Are you one of the 500,000 US citizens in the process of starting a new small business this year? One of the first things you need to think about is marketing.
A good place to start is by designing a brochure.
Anyone can design and print their own brochure and despite the tech era, they’re still a valuable marketing tool.
Are you ready to take the first step toward marketing your business? Check out this guide on how to design a brochure layout when you’ve got no idea where to start.
Before You Start
Even if you’re in the first stages of setting up your business you should already have a clear idea about your target audience, your brand personality, and your message.
Don’t start work on any brochure design until you have a clear picture in your mind about what you’re going to say, how you’re going to say it, and who you’re addressing.
These things are important because they’ll determine the images, colors, mood, and language portrayed in your brochure. Look for online ads and brochures aimed at the same demographic to see different brochure ideas that could appeal to your prospective customers.
Why are you designing and printing a brochure? Do you want to attract customers to your store? Is it to introduce your brand to a group of people? Is it purely to get your contact details out there?
Before you go to all the time and expenses involved, first decide if a brochure’s what you really need. Would a website or business card better suit your aims?
Another important reason for goal setting is that you won’t know if your brochure’s succeeded unless you have a goal to measure it against.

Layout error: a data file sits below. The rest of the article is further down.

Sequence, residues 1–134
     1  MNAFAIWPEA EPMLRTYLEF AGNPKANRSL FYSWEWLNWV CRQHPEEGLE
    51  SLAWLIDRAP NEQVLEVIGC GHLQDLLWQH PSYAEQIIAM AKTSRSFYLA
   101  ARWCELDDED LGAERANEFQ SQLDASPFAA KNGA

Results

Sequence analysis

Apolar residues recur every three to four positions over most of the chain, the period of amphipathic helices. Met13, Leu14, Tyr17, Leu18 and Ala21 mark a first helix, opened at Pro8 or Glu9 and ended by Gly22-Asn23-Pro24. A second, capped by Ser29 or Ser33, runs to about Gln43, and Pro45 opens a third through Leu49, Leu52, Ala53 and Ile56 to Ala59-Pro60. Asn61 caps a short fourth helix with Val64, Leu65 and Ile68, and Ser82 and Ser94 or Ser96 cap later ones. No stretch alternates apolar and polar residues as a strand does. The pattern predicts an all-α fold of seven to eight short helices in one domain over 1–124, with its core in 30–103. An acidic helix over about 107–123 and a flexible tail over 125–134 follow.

Brochure Layout Design Basics
Now you can get down to the nitty-gritty. Choose which brochure-type works better for your aims. You can choose from 15 different brochure layouts, including a half-fold, Z-fold, and trifold brochure layout.
Take a sheet of paper and play around with the different types of folds to see which one suits your distribution and display needs.
Putting It All Together
Collect all the copy and images you’d like to include in your brochure and print them out.
When you’re new to the world of graphic design, you’ll get a better start by rearranging the different snippets into various layouts at first. That way you can focus on your layout instead of the mechanics of unfamiliar commands and prompts.
Remember to keep your text short, to the point, and structured with headers, sub-headers, and bullet points.
Once you’ve got a good idea of what you want, you can start working with your images and text within your graphic design program.
The Final Stages
Always print out a few copies of your brochure layout ideas before you print them in bulk. Ask friends, family, or a few potential customers to read these trail copies and offer suggestions on how you can fine-tune your layout.
Are you looking for more creative inspiration? Keep browsing our blog for more great ideas and tips to help you make the most of your home and your hobbies.